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Artificial intelligence

University of Hong Kong to partner with Tsinghua University in Beijing for big artificial intelligence push

  • HKU’s pro-vice-chancellor says strategic partnership can help both cities become global leaders in technology
PUBLISHED : Monday, 26 November, 2018, 8:31am
UPDATED : Monday, 26 November, 2018, 8:31am

The University of Hong Kong is to join up with a major Beijing university with the aim of breaking new ground in artificial intelligence (AI), especially in the areas of medicine, financial technology and environmental protection.

Announcing the partnership with Tsinghua University in an interview on Friday, HKU’s vice-president and pro-vice-chancellor Professor W. John Kao, as well as engineering dean Christopher Chao Yu-hang said the strategic partnership would help Hong Kong and Beijing become global leaders in technology.

“Beijing and Hong Kong can leverage the entire ecosystem whether it’s policy, education or finance. So it’s more than just two universities coming together, but two cities working on this very complex issue,” Kao said.

Since last year, the central government has supported Hong Kong’s bid to develop innovation and technology as a new driver of growth and to reduce the city’s reliance on the financial industry.

Under this initiative, the Institute of Automation, the country’s leader in AI research, will set up a branch at the Hong Kong Science Park, while the Ministry of Science and Technology will work with SenseTime, a Hong Kong start-up co-founded by a Chinese University professor, on AI applications such as intelligent vision and facial recognition.

Chinese University and the Shenzhen Institutes of Advanced Technology have also jointly set up the Engineering Laboratory of Robot and Intelligent Manufacturing.

Asked if HKU had been lagging in the field, Kao described AI as a “big sandbox”.

It’s a tremendously complex and large field. It is not something that one university or even 100 universities can tackle. This has to be collaboration
Professor W. John Kao, HKU

“It’s a tremendously complex and large field. It is not something that one university or even 100 universities can tackle. This has to be collaboration,” the medical engineering professor said.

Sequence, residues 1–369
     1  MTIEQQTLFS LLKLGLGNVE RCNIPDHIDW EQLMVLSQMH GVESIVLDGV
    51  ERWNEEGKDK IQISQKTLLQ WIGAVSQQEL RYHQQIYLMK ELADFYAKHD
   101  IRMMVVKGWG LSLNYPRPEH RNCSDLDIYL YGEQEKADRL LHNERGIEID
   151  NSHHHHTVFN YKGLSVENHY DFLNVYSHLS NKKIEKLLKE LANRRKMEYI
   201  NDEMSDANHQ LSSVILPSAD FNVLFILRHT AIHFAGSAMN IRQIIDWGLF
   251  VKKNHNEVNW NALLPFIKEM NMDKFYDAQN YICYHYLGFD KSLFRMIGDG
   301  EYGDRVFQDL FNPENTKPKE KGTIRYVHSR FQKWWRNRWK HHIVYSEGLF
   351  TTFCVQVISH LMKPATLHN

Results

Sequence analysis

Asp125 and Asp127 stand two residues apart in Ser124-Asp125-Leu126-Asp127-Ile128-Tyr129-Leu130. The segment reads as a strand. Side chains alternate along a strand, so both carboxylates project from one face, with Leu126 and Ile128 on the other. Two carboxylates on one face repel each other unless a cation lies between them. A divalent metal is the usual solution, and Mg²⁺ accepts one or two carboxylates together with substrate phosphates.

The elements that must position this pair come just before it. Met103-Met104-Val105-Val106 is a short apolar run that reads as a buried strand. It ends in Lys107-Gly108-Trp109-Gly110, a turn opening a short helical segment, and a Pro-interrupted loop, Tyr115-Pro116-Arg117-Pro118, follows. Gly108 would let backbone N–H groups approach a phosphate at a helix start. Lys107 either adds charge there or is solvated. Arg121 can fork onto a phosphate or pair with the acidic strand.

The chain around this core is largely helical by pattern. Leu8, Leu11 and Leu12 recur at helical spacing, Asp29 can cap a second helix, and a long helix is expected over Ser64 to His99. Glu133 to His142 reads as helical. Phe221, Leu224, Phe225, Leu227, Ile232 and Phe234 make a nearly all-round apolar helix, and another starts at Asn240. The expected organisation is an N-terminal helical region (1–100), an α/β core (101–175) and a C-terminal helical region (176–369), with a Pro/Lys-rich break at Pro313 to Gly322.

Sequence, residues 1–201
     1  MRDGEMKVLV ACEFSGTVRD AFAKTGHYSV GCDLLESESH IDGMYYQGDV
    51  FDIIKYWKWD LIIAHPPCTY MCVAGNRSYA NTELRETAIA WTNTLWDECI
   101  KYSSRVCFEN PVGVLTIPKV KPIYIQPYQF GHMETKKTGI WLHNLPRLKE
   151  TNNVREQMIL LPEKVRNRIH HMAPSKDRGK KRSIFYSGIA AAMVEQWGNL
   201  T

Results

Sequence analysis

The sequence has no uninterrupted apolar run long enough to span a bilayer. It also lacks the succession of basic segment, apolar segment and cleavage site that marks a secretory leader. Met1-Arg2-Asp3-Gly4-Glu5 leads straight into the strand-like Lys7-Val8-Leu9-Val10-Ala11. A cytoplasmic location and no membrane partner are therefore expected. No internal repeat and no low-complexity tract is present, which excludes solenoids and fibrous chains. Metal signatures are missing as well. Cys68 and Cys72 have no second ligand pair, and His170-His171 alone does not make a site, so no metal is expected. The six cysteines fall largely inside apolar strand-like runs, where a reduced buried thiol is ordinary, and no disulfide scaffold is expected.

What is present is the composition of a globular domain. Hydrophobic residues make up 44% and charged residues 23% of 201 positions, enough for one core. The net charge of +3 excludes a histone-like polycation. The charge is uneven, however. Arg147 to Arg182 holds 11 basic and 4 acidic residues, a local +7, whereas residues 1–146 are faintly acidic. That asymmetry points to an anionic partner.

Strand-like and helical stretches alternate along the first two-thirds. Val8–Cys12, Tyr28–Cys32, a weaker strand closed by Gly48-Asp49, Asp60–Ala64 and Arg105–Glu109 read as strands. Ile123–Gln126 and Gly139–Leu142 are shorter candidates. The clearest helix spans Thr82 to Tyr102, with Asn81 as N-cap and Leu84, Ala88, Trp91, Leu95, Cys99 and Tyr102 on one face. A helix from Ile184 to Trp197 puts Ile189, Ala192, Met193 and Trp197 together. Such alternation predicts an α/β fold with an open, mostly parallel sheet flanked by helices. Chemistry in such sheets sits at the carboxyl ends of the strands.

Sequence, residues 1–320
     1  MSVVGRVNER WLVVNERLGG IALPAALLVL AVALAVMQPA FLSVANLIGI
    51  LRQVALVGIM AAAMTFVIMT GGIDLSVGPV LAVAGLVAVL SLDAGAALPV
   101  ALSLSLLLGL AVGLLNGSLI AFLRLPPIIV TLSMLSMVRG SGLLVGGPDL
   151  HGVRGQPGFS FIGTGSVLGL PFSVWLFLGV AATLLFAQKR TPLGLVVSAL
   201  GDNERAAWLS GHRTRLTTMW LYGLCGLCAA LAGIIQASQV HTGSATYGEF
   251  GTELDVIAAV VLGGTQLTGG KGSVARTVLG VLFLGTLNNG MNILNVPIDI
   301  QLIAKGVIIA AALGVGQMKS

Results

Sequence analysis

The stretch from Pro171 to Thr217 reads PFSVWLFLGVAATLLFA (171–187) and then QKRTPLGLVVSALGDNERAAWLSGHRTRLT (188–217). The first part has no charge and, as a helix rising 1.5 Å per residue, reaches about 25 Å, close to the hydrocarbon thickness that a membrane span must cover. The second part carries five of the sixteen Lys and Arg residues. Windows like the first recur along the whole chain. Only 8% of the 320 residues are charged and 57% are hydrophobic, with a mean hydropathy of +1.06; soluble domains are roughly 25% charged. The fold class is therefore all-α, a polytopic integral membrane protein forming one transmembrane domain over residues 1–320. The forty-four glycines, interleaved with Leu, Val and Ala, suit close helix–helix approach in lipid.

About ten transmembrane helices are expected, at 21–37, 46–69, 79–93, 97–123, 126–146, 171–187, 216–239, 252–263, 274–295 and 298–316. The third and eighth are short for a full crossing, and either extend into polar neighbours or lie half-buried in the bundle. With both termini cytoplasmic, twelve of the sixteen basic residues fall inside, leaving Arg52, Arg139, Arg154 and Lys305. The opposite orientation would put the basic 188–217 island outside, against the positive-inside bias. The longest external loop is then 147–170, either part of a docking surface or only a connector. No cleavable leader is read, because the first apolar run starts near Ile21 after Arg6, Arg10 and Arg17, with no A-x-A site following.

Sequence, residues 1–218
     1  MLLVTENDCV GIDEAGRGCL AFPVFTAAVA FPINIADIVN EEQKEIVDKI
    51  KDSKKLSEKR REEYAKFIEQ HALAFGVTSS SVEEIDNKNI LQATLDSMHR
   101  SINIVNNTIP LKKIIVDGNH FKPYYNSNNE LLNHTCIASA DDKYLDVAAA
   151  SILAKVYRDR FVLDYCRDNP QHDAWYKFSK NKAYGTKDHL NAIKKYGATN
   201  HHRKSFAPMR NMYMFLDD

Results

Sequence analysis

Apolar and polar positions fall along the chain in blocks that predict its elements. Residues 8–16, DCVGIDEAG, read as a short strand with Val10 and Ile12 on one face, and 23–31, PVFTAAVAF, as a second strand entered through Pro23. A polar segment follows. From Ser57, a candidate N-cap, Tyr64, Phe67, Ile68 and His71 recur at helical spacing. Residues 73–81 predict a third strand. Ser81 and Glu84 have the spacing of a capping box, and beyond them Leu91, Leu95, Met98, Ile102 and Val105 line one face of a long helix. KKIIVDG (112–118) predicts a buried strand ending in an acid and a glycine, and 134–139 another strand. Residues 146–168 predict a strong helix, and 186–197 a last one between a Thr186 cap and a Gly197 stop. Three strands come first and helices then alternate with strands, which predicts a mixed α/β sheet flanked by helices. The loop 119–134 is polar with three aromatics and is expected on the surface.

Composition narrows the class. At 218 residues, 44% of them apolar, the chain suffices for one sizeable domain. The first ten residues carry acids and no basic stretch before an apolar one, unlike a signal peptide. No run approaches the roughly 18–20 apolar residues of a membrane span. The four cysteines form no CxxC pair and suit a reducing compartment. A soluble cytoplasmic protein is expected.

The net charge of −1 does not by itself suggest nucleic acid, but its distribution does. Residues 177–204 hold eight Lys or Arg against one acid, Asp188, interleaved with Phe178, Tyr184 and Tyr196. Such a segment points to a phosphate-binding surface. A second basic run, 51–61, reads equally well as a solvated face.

Kao added that HKU had been strong in applying and analysing new technologies in medicine, manufacturing and finance while Tsinghua was strong on the technical side of research and development.

“As Hong Kong is trying to reposition itself ... what we really are looking at is not only the technological development, but the … [development of] a new breed of students and talents that can tackle both the technical question as well as the application question,” he said.

To achieve that, Chao said, the two universities have been planning the launch of their first dual undergraduate degree in computer science, to begin in 2020 at the earliest, in which students will spend two years each at HKU and Tsinghua.

Will artificial intelligence one day help doctors spot cancer in patients?

In an interview with the Post in September, HKU AI expert Kenneth Wong Kwan-yee revealed he was working on a project to equip computers with the ability to assist doctors in colon cancer screening by detecting precancerous polyps.

Chao said that, apart from medicine, HKU was also strong in environmental monitoring. The university’s scientists have been working on using AI and big data technologies to help with the collection and analysis of air pollution statistics. This would contribute to authorities’ efforts in improving the urban environment.

“These are all areas that we believe we are able to go together with Tsinghua,” he said.

One of the first projects of the two universities, however, is to co-host an international summit on Friday, to gather experts from Israel, the US, Britain and Japan to discuss the future development and applications of AI. Chao said HKU had also been in touch with universities from those countries about opportunities for collaboration.

Earlier this month, a US congressional report urged authorities to review the country’s policy of exporting sensitive technology to Hong Kong.

Asked if such a policy change would affect HKU’s collaboration with mainland and US universities, Kao said: “We live in a globally connected world … but scholarship should have no boundaries.

“The exchange of ideas to foster creativity and innovation should have no boundary … As a university, we will always be the champion of a freedom of knowledge exchange,” said Kao, who worked as a biomedical engineering professor at the University of Wisconsin-Madison before joining HKU in 2015.